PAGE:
This is sounding promising.

Why "assuming there is a single feeder"? If two, wouldn't I just choose one?
 
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Old 02-28-17, 12:37 PM
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I confirmed that the gutter under the main panels is splitting three 4/0 into six for feeding each panel.
 
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Old 02-28-17, 12:59 PM
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The #4/0 conductors in conjunction with the meter socket lead me to believe you have a 200A service that is probably pretty heavily loaded given that you have two completely full 30 space panels.

The good side is that it looks like an upgrade to 400A would be pretty straightforward using a 400A meter/main exterior box from which you can feed each of the interior panels and run a feeder to the outbuilding.
 
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Old 02-28-17, 02:32 PM
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re: " it looks like an upgrade to 400A would be pretty straightforward using a 400A meter/main exterior box from which you can feed each of the interior panels and run a feeder to the outbuilding"

to repeat for my clarification, this approach would entail:
1) a new meter
2) pulling more, or bigger, wire to the gutter??
3) splitting feeder three ways (1 for each main panel, 1 for garage sup-panel)

The old heating system was all electric, since replaced with heat pump. There are still several big circuits used for wall space heaters and electric baseboards. Very little use, maybe 4-6 weeks a year, and during those times I'm not in my garage. Just saying, I think not being able to work on a big AL tig job during dead cold of winter would a reasonable limitation for me (no heat in the garage). Of course as soon as I think I want heat in the garage so I can work in winter, I'd be screwed. Would have to go with propane.
 
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Old 03-01-17, 04:06 PM
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IMO upgrading the house service to 400 amp so that it can carry the garage as well is not worth the hassle. Anything can be done for a price, but I believe your money would be better spent elsewhere.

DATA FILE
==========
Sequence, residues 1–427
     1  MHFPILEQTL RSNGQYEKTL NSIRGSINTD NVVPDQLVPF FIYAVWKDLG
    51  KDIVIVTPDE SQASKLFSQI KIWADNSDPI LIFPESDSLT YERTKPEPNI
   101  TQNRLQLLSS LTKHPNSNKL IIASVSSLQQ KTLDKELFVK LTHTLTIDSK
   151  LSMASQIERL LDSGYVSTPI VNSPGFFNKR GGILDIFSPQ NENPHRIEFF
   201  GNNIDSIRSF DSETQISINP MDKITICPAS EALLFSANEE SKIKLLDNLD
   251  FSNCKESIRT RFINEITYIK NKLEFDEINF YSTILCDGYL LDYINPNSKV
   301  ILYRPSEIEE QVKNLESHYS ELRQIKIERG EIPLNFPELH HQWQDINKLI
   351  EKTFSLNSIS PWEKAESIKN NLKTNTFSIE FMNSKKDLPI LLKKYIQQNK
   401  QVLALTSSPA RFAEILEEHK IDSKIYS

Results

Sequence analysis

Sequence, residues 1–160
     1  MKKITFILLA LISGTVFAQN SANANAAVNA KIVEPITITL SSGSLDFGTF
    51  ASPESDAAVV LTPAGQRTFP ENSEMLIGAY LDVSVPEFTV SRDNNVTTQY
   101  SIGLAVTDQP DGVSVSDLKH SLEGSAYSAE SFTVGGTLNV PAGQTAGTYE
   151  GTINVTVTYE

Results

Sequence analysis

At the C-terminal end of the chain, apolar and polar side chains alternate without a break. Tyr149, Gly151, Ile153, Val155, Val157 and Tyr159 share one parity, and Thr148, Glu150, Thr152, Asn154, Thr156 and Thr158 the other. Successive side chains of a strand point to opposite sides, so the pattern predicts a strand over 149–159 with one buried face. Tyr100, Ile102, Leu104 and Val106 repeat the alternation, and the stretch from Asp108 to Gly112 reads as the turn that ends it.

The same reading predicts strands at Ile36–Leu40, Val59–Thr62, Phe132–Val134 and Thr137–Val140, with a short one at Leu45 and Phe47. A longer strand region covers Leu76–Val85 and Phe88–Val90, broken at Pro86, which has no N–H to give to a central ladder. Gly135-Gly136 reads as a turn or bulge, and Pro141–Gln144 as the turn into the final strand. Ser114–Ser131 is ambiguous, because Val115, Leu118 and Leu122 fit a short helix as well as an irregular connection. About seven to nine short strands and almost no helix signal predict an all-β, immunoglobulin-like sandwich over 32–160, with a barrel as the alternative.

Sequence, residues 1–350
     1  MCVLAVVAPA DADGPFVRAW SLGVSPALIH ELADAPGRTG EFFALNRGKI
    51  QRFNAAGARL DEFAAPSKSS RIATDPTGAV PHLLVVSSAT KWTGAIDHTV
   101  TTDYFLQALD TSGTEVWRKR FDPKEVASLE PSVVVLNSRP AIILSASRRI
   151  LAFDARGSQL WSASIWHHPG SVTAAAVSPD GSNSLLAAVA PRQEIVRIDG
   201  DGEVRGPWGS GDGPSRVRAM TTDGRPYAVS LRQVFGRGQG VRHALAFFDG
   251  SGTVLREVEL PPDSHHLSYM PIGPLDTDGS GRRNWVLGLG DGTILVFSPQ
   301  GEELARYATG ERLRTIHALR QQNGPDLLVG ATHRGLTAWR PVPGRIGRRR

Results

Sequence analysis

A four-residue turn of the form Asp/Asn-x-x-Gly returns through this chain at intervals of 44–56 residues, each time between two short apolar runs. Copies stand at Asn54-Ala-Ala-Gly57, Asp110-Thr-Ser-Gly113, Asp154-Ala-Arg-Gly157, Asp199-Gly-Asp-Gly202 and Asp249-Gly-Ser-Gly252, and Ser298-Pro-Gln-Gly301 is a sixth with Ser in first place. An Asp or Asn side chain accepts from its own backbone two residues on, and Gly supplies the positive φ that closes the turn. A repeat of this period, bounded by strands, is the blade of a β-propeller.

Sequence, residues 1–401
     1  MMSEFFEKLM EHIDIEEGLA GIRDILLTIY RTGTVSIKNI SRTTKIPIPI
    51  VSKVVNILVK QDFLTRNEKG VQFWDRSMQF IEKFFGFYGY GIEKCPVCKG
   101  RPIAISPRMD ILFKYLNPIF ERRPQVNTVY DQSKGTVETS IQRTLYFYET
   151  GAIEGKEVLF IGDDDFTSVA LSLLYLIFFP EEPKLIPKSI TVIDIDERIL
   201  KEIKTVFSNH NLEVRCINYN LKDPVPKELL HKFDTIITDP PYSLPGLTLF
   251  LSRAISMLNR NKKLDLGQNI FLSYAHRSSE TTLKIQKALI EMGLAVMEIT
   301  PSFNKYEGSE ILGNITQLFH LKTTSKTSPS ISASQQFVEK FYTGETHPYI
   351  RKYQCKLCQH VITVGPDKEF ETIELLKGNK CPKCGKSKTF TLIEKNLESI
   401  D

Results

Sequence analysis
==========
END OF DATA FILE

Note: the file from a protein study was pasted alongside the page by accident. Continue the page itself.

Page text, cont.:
Since you "only" have a 200 amp service in the house I suggest going back to the original idea (well, my and Ray's) of a separate service for the garage. Perhaps the PoCo could set a pedestal with a meter/breaker near the transformer. That way you could do the rest of the work yourself.
 
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Old 03-01-17, 06:12 PM
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Tolyn, just wondering if assuming the Poco offers high side metering if he could use a single wire feed to a center tapped 240v transformer at the shop or would the cost of the transformer offset any savings?
 
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Old 03-01-17, 06:40 PM
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I hope I understand the question correctly.

I kind of doubt it as normally a customer does not pay for the transformer, and I would doubt they do that metering for a residential customer. They may have to pay to have it installed but the power company still owns the transformer. That, and I also doubt a person could buy a 7200v to 120/240v transformer.

At my house the PoCo just changed my transformer. I have a 1/4 mile driveway and the power is run from the road underground to a ground transformer. It is 7200 volts coming to it, then 120/240 on the secondary to my meter on my house. This was done for me for free because their line running underground was starting to have failures which would trip the overcurrent device on the pole. I'm sure the wire/cable rated for 7200 volts is not cheap!
 
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Old 03-01-17, 07:40 PM
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Only brought it up because there was a thread a while ago from a guy having a single line run to a transformer at his cabin. Really not something I'm familiar with.
 
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Old 03-02-17, 10:37 AM
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I really appreciate the continued insight and ideas, and I want to thank you.

I agree at this point that best option overall is to just get new 200A service at the garage. This will spare me all the work in the house with a sub-panel install, routing big wires out the basement, through the wall, trenching through or under driveway to garage, etc.

Another thing is that I would so hate to hit a limitation later on that prevents simultaneous use of equipment, or even worse, starts tripping the house breakers because I'm welding in the garage while a compressor and fan are operating.

Investigating all the options is part of the research, and I actually enjoy it; thanks all for sharing knowledge and opinions to help me come to a conclusion!!